Sticks and stones may break bones, but … “Your words hurt me!” say atheists
Published: 16 February 2010(GMT+10)
“I’ve been doing science for 30 years; don’t you think it offends me when you say you don’t believe in evolution?”
Photo from stock.xchng
Some atheists want ‘free speech’—but not when it ‘hurts’! They will often claim offence as a way of shutting down Christian witnessing.
I nearly fell out of my chair! I had been asked by an atheist group (the Center for Inquiry) to come down and speak at a meeting they were holding to discuss their recent promotion of a bus advertising campaign on the Toronto Transit line declaring “There is probably no God, so relax and enjoy your life.” They apparently wanted a “religious” view represented so had invited me.
After the initial pre-determined questions to the panel members were asked, the audience (all atheists except for one to my knowledge) were invited to ask questions. The (biologist) gentlemen’s question (above) was issued to me after I had declared I was a creationist.
Free thought (but not for all)!
The group’s mission statement reads: The mission of the Center for Inquiry is to foster a secular society based on science, reason, freedom of inquiry, and humanist values. There were “free thought” posters displayed all around the facility so I was flabbergasted to hear the man state he was offended by the fact that I didn’t agree with him!
‘I’ve been doing science for 30 years; don’t you think it offends me when you say you don’t believe in evolution?’
I said “Sir, you don’t believe the same things I do, and I’m not offended by that. If you choose to be offended by what I don’t believe I have no control over that. And to be honest sir, considering the intellectual environment we are in here today (the fact that I was invited specifically to provide opposing views!) I think it’s rather pathetic that you would even make that comment.” His fellow atheists actually agreed and the crowd seemed embarrassed for/because of him and he sat down.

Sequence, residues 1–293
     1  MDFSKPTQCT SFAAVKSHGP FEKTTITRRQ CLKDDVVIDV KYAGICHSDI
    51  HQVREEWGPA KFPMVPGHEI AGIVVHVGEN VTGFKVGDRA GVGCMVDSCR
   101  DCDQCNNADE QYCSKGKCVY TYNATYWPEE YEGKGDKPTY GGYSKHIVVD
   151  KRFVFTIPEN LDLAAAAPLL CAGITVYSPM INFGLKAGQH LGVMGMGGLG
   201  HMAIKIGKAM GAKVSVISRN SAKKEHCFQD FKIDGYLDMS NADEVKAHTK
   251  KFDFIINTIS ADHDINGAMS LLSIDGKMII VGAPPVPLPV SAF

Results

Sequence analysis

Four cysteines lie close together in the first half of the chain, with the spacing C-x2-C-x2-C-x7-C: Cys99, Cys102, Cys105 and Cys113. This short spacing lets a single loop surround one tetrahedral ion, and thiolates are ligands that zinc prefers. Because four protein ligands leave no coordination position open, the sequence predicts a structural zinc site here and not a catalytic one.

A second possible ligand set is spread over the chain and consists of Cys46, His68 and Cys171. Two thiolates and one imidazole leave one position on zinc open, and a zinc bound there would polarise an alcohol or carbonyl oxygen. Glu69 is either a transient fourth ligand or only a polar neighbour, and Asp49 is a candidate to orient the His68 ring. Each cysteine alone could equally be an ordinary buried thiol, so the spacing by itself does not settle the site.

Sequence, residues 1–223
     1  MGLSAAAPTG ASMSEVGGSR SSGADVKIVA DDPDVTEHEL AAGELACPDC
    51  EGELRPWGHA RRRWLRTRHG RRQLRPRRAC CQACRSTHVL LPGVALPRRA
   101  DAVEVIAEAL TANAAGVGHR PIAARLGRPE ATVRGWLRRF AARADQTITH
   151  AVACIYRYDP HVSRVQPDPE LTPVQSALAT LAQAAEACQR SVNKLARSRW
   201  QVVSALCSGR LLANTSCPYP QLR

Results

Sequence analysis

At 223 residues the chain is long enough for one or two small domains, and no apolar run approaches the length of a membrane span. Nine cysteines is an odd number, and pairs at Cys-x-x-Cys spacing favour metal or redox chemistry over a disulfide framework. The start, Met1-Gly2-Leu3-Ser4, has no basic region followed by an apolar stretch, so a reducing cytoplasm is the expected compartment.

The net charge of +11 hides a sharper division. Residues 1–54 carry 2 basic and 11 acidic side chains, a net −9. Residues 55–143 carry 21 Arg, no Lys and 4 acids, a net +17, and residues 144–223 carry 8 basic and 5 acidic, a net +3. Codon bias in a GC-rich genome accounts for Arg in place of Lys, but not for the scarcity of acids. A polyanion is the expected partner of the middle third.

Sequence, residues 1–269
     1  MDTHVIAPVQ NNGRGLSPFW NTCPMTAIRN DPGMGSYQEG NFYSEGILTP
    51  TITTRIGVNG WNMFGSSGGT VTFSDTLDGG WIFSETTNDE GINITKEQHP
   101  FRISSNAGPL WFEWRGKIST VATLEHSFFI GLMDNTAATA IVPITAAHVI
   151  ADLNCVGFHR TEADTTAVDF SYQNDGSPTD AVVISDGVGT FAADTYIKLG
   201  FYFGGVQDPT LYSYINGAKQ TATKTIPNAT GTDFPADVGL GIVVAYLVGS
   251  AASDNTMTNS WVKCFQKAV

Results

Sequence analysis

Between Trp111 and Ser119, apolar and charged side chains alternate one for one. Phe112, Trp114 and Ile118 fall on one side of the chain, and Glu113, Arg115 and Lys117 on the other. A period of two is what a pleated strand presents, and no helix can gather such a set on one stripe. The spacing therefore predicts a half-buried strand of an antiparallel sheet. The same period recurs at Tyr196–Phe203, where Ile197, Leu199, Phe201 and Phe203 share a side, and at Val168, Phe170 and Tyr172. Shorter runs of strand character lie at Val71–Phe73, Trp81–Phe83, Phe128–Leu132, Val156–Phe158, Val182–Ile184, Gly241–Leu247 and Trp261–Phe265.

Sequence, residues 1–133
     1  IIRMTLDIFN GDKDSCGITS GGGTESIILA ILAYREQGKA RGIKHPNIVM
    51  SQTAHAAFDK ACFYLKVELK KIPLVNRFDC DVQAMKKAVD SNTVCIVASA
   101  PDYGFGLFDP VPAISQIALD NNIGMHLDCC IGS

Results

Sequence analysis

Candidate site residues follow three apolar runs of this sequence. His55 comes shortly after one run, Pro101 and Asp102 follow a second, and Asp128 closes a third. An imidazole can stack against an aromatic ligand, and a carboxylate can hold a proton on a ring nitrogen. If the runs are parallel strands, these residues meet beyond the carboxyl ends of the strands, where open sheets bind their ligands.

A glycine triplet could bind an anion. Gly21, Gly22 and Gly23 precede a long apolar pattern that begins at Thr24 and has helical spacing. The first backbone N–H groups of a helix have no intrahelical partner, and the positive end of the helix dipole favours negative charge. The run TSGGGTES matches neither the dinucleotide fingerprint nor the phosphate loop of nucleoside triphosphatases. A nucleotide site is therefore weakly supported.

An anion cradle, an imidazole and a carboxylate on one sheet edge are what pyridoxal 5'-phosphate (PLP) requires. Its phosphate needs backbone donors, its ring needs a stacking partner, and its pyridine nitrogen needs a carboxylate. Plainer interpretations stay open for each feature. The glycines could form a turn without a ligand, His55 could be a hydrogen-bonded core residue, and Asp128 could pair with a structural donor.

It was a lively session and afterwards (even though they did not agree with my position) several people came over, shook my hand and made comments like “You had good arguments”, “We should have you back” etc. Many of the group represented what I would consider honest intellectuals that enjoyed the challenge of open, honest debate. However (like the gentleman mentioned above), this is not always the case. He seemed to be indicating that the mere fact of me disagreeing with him was hurtful and offensive.
Another example occurred recently when one of our Australian CMI speakers was engaging in a discussion with an atheist from France after delivering a creation talk. Towards the end of the conversation, the atheist was defending the morality of non-Christian religions. When the CMI speaker asked; "So who was it who burnt all those cars in the riots in French cities in recent years?", the atheist became super-defensive, saying it was nothing to do with their religion but because of their poverty, lack of education and employment opportunities, and of the mistreatment at the hands of white Frenchmen.
But when the CMI speaker countered, “Then what about the wealthy/middle-class well-educated 9/11 hijackers, what was their excuse?” The atheist’s reaction was interesting. “When you speak about Islam in this way, it hurts me!” “I feel so hurt" said the atheist.
Why so hurt?
Why the declaration of “hurt” and “offence”? Perhaps to put Christians on the defense and to stop them from being effective against (by giving answers) what the world is teaching. Douglas Wilson points this out in his excellent response to the atheist Sam Harris’s “Letter to a Christian Nation”. In “Letter from a Christian Citizen” Wilson notes that Harris starts off his anti-Christian diatribe by pointing out some of the most hostile responses to his book The End of Faith came from Christians. “The truth is that many who claim to be transformed by Christ’s love are deeply, even murderously, intolerant of criticism”.1
Wilson believes Harris does this as a tactical matter to “soften” up his Christian readers: “You opened your book this way because you knew (quite accurately) that Christians generally would be upset by it, would be put on the defensive, would be sorrowful over what some have done to you in the name of Christ … ”2
“The Christian Church has a problem with this kind of person in our midst. We are embarrassed by it, believing it to be inconsistent with what Christ taught … ”3
And of course, it is, but Christians cannot be held responsible for what another that professes Christ has done. However, disagreeing with someone is not the same as being offensive. But the world has seemed to have caught on to the fact that many Christians are so sensitive to being “offensive” that they have equated “disagreement” with “offense”. (This is a reversal of the fallacy of equivocation, where one word is used in two different ways; here, the fallacy is giving two different concepts the same meaning.)